Source: Professional Development in Education, Vol. 37, No. 5, November 2011, 817–835.
(Reviewed by the Portal Team)
In 2006 the Ministry of Education, Culture and Science (Ministerie van OCW) invited schools in primary and secondary education to apply to take part in a pilot programme as a training school or as an academic training school.
Three secondary schools in Amsterdam decided to facilitate teachers in their schools to engage in practice research.
These schools participated in a pilot programme called the Academische Opleidingsschool Amsterdam.
The overall aim of the pilot programme was to connect the three elements of teaching, development and research to each other and to embed them in the schools’ practice in such a way as to increase their capacity for innovation.
This was based on the assumption that research conducted by teachers contributes both to the learning of the teacher researcher and to the learning and development of the school as a whole.
This led to the design of a parallel study looking at the actual contribution of the teachers’ research to individual and collective learning within the school and into the question of which factors encouraged or inhibited this.
The study focused on the research question ‘What does teachers’ research contribute to individual and collective learning within the school?’
As a result, the research question was divided into three sub-questions:
What do the teacher researchers learn from conducting research?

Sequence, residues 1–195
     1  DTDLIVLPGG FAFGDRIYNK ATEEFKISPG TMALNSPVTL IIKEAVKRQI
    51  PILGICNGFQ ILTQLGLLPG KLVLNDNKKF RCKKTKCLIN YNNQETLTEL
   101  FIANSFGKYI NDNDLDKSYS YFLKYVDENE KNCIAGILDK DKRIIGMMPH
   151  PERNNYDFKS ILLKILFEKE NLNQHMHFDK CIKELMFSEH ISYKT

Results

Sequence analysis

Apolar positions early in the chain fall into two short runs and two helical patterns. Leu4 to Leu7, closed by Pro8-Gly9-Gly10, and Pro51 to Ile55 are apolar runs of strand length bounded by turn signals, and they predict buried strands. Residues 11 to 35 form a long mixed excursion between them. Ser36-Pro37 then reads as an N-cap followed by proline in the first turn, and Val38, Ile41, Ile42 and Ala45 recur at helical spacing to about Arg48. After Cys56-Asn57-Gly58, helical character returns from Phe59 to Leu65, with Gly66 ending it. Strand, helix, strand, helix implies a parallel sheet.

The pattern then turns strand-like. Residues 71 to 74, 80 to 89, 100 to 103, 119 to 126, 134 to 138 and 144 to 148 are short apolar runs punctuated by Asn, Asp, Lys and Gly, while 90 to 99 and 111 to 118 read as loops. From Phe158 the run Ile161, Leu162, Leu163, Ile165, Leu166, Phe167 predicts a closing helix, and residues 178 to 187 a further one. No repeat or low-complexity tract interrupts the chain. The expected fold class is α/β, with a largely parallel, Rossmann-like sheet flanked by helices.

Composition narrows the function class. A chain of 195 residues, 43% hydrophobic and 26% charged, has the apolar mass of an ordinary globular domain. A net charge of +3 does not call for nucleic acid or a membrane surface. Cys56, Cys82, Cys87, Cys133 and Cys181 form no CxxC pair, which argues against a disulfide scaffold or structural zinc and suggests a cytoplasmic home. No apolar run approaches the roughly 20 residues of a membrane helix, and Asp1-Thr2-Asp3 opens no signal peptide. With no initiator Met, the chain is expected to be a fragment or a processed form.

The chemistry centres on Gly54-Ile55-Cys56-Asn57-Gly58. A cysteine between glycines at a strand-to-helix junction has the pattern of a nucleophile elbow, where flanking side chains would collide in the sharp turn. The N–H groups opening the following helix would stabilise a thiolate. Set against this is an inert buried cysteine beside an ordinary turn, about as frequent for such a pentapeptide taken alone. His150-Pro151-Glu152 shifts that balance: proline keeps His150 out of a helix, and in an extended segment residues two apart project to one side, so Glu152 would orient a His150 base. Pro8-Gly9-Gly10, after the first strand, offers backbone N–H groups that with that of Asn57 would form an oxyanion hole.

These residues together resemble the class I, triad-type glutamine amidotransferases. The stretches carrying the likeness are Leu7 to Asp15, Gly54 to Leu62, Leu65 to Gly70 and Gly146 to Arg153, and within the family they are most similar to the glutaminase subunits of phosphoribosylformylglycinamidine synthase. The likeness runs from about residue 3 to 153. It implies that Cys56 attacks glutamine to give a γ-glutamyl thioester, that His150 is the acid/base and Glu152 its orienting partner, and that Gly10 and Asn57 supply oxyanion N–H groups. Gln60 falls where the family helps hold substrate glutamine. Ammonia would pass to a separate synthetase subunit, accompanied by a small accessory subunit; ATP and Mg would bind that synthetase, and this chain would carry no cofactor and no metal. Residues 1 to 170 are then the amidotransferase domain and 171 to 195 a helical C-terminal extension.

What and how do they learn as a team?
What contribution do they make in their own view to learning in the school as a whole?
The findings reveal that the teachers in this study indicate that indicate that learning is more effective if it occurs in a group in which teachers develop things together, can take advantage of each other’s skills and feel that they really need each other.
Furthermore, the results show that it is important to avoid too rigid a structure and to carefully consider what suits the particular school at that time.
In addition, all of the schools highlighted that conducting research in the school provides a counterbalance to the dominant culture of action and of ‘doing’ in which little time is taken to reflect.
Finally, the school management plays a crucial role in this.
In all of the schools, the teacher researchers said that they now had a greater understanding of and, in some cases, more trust in school management.
The authors conclude that this research shows the importance of teamwork, and the teacher researchers stress the need for equality within this process.
Furthermore, teacher researchers need to be given a clear position and status within the school.
Finally, the school management can also help ensure that the results of the research are actually used within the school by giving the teacher researchers a leading role in team meetings and study days.
This can help intensify the link between professional development, educational innovation and school development achieved by means of research.